Tuesday, March 21, 2006
I went to the girl's high school production tonight. It was based on a true story of six Lubavitcher boys, learning in an underground yeshiva in Berditchev, Russia. Perhaps I should say the Soviet Union, as it was during Stalin's time.
Anyway, their yeshiva got busted by the secret police, and the boys - all around 14 years old - got put into a communist orphanage. They were to be "reformed" of their religious heresy.
They secretly made contact with chassidim on the outside, who managed to get them train tickets to Kiev. They were instructed how and when to escape. Five boys got on the train. The 6th one - Folleh - ran back to get his tefillin and missed it. The five who got on the train eventually made their way to America and Israel.
Folleh escaped to a local city, Sartov, and continued his learning. He eventually became the Rav and lived out his life there.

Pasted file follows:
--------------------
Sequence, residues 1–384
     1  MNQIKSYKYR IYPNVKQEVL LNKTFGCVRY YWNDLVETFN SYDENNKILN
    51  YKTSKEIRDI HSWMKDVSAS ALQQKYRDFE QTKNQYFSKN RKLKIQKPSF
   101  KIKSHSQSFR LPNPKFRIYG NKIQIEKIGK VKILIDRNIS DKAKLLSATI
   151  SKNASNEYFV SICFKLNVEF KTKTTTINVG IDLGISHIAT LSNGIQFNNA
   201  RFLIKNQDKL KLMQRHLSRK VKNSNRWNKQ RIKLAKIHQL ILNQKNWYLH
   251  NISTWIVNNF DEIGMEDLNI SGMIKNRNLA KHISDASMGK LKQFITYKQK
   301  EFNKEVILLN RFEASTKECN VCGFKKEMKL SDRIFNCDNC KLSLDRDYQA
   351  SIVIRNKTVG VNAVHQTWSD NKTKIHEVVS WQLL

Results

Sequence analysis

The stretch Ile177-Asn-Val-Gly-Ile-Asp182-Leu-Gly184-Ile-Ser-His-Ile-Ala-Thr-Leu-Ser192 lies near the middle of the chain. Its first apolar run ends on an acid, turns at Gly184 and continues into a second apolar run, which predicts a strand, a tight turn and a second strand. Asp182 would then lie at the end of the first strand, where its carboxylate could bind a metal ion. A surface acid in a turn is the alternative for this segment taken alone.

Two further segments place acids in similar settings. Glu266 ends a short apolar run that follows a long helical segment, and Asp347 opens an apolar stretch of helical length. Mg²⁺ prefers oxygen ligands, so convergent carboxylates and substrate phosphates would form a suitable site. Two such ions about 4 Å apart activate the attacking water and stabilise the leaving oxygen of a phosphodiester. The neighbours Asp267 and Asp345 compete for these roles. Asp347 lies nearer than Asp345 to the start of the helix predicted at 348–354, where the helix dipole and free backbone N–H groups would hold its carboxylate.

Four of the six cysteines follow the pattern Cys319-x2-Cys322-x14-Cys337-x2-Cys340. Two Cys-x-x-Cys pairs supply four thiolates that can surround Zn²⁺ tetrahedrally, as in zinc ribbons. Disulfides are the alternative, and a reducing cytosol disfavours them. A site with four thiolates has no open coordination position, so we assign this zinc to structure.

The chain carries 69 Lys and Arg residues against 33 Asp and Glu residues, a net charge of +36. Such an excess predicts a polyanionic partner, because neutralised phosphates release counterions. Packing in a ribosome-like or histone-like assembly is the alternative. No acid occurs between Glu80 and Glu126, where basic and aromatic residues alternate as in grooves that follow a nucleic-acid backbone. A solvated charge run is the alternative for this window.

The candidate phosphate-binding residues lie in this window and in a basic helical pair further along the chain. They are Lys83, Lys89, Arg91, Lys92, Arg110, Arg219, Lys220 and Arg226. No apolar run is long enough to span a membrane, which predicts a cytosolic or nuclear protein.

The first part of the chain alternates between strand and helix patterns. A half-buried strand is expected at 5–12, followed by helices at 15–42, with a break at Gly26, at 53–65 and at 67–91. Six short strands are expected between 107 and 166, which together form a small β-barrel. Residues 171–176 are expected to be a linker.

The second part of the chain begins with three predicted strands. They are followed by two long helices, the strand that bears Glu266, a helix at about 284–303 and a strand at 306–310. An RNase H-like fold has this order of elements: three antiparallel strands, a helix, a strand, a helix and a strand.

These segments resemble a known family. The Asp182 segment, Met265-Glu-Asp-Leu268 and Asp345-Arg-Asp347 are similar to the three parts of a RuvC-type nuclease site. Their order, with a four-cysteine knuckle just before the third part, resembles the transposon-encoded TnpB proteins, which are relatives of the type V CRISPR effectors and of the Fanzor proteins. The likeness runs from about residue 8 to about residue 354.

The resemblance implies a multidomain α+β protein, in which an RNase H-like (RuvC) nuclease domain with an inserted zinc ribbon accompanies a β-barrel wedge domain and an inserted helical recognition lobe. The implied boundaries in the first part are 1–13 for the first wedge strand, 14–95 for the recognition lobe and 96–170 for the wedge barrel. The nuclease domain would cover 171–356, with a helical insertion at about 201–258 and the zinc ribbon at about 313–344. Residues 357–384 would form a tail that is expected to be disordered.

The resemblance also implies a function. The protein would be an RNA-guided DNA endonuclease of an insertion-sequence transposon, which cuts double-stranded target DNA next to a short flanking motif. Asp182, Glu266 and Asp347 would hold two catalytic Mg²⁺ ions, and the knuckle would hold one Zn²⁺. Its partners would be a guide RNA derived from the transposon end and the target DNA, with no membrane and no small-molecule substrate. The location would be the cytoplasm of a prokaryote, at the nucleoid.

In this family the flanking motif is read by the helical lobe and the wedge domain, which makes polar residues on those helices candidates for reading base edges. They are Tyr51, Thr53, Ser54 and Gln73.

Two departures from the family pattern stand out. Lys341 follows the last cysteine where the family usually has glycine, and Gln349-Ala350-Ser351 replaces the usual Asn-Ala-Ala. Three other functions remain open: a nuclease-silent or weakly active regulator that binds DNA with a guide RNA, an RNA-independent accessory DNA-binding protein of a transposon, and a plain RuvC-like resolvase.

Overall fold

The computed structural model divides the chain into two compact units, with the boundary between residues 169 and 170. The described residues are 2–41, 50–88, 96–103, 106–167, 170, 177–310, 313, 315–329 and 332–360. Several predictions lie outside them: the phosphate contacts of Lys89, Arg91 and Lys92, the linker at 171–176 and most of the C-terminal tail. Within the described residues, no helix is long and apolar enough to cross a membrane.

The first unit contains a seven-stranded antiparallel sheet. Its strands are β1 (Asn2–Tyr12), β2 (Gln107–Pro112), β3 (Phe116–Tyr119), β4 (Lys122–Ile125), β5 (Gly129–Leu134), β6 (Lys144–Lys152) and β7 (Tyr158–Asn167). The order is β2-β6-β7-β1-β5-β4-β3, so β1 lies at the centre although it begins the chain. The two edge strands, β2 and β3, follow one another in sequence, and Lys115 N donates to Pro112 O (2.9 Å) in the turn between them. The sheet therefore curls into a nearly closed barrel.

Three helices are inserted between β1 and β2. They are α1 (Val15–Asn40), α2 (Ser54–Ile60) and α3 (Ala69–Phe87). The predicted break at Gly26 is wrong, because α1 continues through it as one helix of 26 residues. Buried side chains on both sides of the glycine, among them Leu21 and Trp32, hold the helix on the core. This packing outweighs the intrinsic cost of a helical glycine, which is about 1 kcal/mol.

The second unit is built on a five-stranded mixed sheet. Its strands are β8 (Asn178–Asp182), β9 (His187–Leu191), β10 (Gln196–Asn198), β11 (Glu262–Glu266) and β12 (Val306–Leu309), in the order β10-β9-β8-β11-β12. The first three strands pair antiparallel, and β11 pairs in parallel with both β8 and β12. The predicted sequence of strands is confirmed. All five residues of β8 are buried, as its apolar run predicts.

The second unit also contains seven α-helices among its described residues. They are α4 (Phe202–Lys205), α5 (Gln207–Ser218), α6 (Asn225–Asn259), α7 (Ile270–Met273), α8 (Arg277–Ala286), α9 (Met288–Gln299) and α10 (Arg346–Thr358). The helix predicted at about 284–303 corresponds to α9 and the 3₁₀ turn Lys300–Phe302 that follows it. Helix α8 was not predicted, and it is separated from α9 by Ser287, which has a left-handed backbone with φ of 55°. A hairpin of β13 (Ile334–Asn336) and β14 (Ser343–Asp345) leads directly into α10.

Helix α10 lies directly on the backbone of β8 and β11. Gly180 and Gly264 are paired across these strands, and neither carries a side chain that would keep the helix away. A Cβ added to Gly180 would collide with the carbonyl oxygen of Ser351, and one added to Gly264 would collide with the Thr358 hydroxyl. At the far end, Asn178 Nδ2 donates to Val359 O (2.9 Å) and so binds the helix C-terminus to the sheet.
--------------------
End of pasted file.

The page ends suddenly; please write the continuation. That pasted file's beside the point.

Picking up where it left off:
The other five stayed in touch through the years, but no one knew what happened to Folleh. They only knew he missed the train, and feared the worst.
One day, 50 years after the escape, the old Sartov Rav went to the local sofer to have his tefillin checked. In the sofer's office he met a young man, and they started talking. It turned out this man was one of the sons of the other five! He was so excited to find out Folleh's fate, and a reunion was arranged for the 6 "escapees."
Alas, Folleh passed away before the reunion took place. But man, what a story, right?
The most poignant part of the production was a video clip of the Rebbe at a farbrengen. I think it was during the 70's. He was crying. There were Jews behind the "iron curtain" who couldn't practice Judaism, through no fault of their own. Seeing the Rebbe cry like that made me start to cry.
I'm glad I didn't wear mascara.